New Canadian Media

Increased Effort Needed to Keep Girls in Afghanistan Schools

Written by  NCM Mentoring Program Saturday, 20 June 2015 19:55
Rate this item
(0 votes)
Children in a boys and girls school in Kabul, Afghanistan in 2011.
Children in a boys and girls school in Kabul, Afghanistan in 2011. Photo Credit: Staff Sgt. Stacey Haga via Flickr CC

by Diba Hareer (@DibaHareer) in Ottawa, Ontario

In September 2010, I received a phone call from Afghanistan. My relative, Meena, was on the other end. The Grade 9 schoolgirl was upset because her father had pulled her out of school when she reached puberty.

Meena was confined at home for over two months, unable to get permission to return to school. Her call from a village in Baghlan province, 230 km northeast of Kabul, was a desperate cry for help from my father, an elder of our extended family. Luckily, he influenced Meena’s father to let her resume school.

It is difficult to increase the literacy rate in Afghanistan with so many girls not completing school.

Meena’s plight informed my future academic research: The Influence of Traditions and Cultural Norms on Girls’ School Withdrawal in Afghanistan. It turns out Meena was incredibly lucky – a significant number of girls never make it back to school.

Fewer Girls in Secondary School

It is difficult to increase the literacy rate in Afghanistan with so many girls not completing school. These girls simply add to the large population of illiterate women in the world.

A World Bank report says that since the fall of the Taliban in 2001, education for Afghan girls has improved significantly with school enrolment over 3.75 million in 2015, compared to 191,000 in 2002.

While this increase seems promising, High Stakes – a joint briefing paper about the many hurdles girls in Afghanistan face in getting an education – reports a dramatic decrease in enrolment at the secondary school level and higher.

My research has shown that in over a decade since the fall of the Taliban, not much effort has been made to retain female students in schools, especially in the rural areas where 75 to 80 per cent of the country’s population lives.

The United States Special Inspector General for Afghanistan Reconstruction (SIGAR) has also expressed concern over the Afghan Ministry of Education’s vague record of the number of students currently present in schools.

The ministry’s records show that in 2014 out of 8.35 million students (both genders) enrolled, 6.6 million were present and 1.55 million were permanently absent.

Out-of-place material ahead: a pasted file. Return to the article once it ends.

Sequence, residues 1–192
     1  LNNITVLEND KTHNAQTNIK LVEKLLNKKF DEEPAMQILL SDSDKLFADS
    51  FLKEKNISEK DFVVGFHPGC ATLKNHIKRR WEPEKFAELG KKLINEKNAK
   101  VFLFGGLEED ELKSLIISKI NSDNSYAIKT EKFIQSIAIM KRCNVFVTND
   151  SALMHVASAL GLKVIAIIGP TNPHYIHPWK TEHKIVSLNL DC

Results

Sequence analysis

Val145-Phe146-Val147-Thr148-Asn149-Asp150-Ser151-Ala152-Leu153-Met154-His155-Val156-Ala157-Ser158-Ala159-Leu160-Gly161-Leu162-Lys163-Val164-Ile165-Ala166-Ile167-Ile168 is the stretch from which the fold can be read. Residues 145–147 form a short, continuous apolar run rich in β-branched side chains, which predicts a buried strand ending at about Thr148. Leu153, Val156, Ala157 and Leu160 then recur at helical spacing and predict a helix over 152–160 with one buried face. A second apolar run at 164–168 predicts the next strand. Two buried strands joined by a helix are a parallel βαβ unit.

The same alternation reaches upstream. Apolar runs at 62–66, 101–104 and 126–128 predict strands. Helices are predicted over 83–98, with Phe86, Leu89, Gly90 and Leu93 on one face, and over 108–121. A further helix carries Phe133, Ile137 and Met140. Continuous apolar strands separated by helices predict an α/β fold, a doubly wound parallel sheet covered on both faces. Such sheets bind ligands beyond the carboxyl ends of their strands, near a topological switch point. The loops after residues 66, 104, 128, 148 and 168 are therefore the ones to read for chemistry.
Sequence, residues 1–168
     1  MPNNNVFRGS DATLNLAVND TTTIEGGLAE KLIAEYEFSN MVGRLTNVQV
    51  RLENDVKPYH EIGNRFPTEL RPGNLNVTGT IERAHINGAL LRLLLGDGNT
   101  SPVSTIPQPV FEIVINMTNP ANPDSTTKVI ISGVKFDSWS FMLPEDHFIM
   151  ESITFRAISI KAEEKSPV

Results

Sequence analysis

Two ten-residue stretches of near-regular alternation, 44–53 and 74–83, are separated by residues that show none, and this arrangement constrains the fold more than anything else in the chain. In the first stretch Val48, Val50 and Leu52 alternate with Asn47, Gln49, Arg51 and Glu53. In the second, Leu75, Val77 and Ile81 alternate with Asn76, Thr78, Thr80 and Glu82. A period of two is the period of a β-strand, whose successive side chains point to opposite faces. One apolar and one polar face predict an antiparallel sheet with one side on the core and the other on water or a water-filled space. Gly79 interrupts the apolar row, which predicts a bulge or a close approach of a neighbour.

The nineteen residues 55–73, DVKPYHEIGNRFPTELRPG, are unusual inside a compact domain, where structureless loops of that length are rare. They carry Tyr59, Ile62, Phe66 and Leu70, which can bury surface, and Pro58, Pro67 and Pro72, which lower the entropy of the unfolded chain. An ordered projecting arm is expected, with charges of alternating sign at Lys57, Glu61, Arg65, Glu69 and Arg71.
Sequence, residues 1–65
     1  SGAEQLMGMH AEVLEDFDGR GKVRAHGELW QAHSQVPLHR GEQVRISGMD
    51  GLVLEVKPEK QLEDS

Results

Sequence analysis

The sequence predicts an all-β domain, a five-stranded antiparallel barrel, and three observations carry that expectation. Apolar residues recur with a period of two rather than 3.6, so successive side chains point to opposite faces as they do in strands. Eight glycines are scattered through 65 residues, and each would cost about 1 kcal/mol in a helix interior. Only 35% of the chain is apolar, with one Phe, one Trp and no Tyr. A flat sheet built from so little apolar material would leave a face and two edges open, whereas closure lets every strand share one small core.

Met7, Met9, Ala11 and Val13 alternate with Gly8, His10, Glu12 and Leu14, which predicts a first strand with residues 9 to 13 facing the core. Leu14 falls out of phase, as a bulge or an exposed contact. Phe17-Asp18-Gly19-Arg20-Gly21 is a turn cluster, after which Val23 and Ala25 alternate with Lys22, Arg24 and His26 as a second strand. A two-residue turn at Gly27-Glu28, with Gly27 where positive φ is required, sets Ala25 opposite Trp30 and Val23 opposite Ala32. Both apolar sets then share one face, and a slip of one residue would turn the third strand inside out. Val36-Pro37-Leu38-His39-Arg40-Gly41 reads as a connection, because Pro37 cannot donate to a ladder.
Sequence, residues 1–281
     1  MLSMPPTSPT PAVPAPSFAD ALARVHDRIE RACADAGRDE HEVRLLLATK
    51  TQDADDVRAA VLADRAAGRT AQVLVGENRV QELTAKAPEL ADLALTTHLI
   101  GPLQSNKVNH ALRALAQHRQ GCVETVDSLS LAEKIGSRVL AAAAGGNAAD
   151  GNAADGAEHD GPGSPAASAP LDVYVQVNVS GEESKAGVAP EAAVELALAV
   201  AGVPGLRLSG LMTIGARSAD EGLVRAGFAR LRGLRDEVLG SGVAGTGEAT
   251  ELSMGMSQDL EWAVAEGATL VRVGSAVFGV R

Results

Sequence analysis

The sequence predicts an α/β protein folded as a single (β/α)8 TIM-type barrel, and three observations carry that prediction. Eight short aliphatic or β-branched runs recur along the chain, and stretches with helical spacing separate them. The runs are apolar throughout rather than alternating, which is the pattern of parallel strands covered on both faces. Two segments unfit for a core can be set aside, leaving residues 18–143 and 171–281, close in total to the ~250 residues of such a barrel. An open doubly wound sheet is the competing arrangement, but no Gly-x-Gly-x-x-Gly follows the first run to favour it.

According to the Afghan education system, an absent student’s name remains on the roll for three years; then he or she is considered a permanent absentee. The records do not indicate the number of students who dropped out or were withdrawn from school during this time.

My research has shown that in over a decade since the fall of the Taliban, not much effort has been made to retain female students in schools, especially in the rural areas where 75 to 80 per cent of the country’s population lives.

Foreign countries like Canada have provided assistance, though. Canada has spent over $2 billion investing in numerous educational projects for Afghanistan between 2002 and 2013 and renewed its commitment to Afghanistan from 2014 to 2017 focusing on education, mothers’ health, human rights, women’s rights and building the capacity of local organizations.

Positive Impact of Education Overlooked

Many cultural and non-cultural factors prevent Afghan girls from staying in school.

Parents’ or guardians’ lack of awareness about the benefits of schooling for women, combined with fear of elopement or kidnapping, and in many cases wrong interpretation of Islamic teachings, all prevent girls in rural areas from getting a high school education, if not more.

Recently, Mohammad Younus Yousufi, Provincial Head of Kandahar Province, urged parents to allow their daughters to complete high school. “Every year we witness older girls leaving school. We know it is because families withdraw them,” he has been quoted as saying.

People say a girl should learn how to pray and observe fast, and that is enough.” - Research participant

Through my research I found it is a common belief among rural people that when a girl reaches puberty education has no purpose in her life; she should prepare for marriage and learn how to do housework and be a caregiver. One of my research participants spoke of the community attitude towards girls’ education by saying: “People say a girl should learn how to pray and observe fast, and that is enough.”